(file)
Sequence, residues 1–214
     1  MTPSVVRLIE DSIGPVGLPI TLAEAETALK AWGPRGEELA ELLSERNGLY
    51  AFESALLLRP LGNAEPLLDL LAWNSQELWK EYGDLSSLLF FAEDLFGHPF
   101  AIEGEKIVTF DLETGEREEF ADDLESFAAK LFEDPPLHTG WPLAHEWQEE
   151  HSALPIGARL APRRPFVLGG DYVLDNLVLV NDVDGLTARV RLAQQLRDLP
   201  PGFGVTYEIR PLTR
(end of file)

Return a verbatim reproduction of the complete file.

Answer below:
Sequence, residues 1–214
     1  MTPSVVRLIE DSIGPVGLPI TLAEAETALK AWGPRGEELA ELLSERNGLY
    51  AFESALLLRP LGNAEPLLDL LAWNSQELWK EYGDLSSLLF FAEDLFGHPF
   101  AIEGEKIVTF DLETGEREEF ADDLESFAAK LFEDPPLHTG WPLAHEWQEE
   151  HSALPIGARL APRRPFVLGG DYVLDNLVLV NDVDGLTARV RLAQQLRDLP
   201  PGFGVTYEIR PLTR